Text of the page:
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Zen Nano 2006/02/11

Posted by Dave in Reviews, shopping.

I saw Michael Graham’s Zen Nano at work. He used a small lead to connect it to the USB on his PC and uploaded some documents he had been working on at home. I must say it looked pretty simple: drag ‘n’ drop.

[Picture of our wee Nano]It works just like any pen/ stick/ key/ USB drive, only it needs a USB/Firewire lead. It is not far off the size of a flash drive at 34mm wide by 65 mm high and just 13mm thick. It weights just 34 grammes with the battery fitted — it doesn’t need the battery to work as a USB flash drive, but if you want to use it as an MP3 player or FM tuner then you’ll need the battery and headphones.

Michael explained that he could record the Radio straight to MP3 — which was pretty interesting actually; I couldn’t think of a device that did that. It also does voice recording using an inbuilt condenser mic — and even line-in recording, so it could easily record telephone calls digitally or be used as a Dictaphone type device.

Obviously, you can connect loudspeakers instead of headphones or earphones to listen to music — but it also copes with storing any kind of file, just like any USB storage device — movies, documents, pictures. Pretty neat I thought.

The clincher for me was that there is actually NO NEED FOR A COMPUTER — this wee device can record straight from a CD player, a cassette tape player or even an old turntable (and of course the FM radio). Wow. This blows the iPod out of sight. No need for iTunes? Superb!

I knew there was something else weird about iPods. Mike said that he wouldn’t consider them first because of cost, but also because the battery cannot be changed — ever. It merely gets recharged until, after a couple of years it dies. The folk at Creative have managed to get an equally capacious device (1GB) to run for 18 hours on a standard shop AAA battery — available from anywhere, especially abroad when you have forgotten your charger or are camping without a power source to hand.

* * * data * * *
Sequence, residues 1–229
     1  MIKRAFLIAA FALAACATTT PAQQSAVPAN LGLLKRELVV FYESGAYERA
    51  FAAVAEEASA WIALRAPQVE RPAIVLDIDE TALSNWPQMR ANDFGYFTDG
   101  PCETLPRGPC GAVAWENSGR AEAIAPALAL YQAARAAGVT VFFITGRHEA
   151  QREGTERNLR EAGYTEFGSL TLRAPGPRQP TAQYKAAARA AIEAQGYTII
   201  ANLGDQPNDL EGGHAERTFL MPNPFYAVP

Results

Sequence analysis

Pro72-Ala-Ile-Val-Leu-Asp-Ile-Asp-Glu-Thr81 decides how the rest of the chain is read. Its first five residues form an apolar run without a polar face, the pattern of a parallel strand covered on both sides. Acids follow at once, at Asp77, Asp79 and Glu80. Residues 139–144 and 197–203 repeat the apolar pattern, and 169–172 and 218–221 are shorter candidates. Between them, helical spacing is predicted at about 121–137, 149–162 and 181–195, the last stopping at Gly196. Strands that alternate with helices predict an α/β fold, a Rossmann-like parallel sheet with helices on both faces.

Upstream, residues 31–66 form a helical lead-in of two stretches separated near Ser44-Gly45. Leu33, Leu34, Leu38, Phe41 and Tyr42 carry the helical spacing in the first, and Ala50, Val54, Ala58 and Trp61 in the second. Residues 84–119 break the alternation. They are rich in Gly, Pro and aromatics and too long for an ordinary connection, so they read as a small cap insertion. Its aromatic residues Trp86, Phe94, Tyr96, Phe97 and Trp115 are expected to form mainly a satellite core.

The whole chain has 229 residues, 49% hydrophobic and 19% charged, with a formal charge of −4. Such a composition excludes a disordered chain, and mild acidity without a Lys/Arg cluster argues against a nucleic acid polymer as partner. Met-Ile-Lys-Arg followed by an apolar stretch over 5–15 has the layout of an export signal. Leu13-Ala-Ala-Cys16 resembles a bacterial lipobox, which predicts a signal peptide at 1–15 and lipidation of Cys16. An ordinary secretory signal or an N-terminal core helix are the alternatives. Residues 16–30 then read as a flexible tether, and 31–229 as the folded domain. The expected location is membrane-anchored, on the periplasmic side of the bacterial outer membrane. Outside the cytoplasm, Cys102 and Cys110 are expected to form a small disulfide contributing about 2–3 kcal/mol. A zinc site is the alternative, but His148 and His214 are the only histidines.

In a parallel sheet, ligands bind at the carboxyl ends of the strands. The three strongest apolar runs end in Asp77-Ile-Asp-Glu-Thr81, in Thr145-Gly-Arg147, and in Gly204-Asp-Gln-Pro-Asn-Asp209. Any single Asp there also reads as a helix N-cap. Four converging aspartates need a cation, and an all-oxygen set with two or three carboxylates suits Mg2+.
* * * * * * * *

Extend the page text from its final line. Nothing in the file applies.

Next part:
Anyway, he told me he paid about 90 quid, and I was still impressed — but even moreso when I saw that the price had dropped in the sales.

I picked up a lovely white one, and I am absolutely amazed at the sheer amount it can store! It’s also got a 4 Band EQ (Classical, Jazz, Pop, or Rock settings) and the display can be changed in case you become left-handed! It plays WMAs and MP3s, and — of course as there is no moving parts (unlike the iPod’s mini hard drive), as a flash drive it is completely skip free!

Perfect for cycling or jogging for Ruthie — or the car. It is so light, my headphones weigh more! I spent 65 quid and I believe I cannot find a better tool for that money. If only it was built into my phone! I’m telling ya, it is small enough.

After a couple of weeks I found that I tended to connect it to the USB on the laptop and just move over music I want to listen to. This saves me messing about too much while driving. So the laptop is the main store for MP3s. I also use it for the radio a lot, but not as much as I thought. I also think the battery life is superb; I’ve just changed it. There’s nothing I would change, or want it to do.

Having said that, I prefer people to see for quite a distance away that I cannot hear them, so I tend to wear obvious headphones, rather than minimalist earphones — even though the Nano’s are iPod white. I also find headphones more hygienic and easier to use (worn around the neck, as opposed to endlessly untangling wires) .

I now rarely use my USB drives, as I use the Nano for moving AutoCAD drawing files, Documents and spreadsheets and loads of picture of Olivia and Ruth (even movie clips). You lose nothing in replacing the battery.

I also found that it makes me listen to the radio more than before; I can quickly record something I like or at least catch the artist’s name etc. so I can investigate later. The navigation takes a wee bit of getting used-to, but it is back-lit and actually pretty logical. I would recommend this to anyone and everyone.

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